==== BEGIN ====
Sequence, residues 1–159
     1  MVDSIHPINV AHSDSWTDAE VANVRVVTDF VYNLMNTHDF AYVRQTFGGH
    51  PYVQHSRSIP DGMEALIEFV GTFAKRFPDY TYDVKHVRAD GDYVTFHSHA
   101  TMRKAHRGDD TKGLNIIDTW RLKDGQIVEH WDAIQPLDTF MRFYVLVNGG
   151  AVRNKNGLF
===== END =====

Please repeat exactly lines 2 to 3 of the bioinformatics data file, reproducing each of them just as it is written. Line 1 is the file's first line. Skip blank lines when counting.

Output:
     1  MVDSIHPINV AHSDSWTDAE VANVRVVTDF VYNLMNTHDF AYVRQTFGGH
    51  PYVQHSRSIP DGMEALIEFV GTFAKRFPDY TYDVKHVRAD GDYVTFHSHA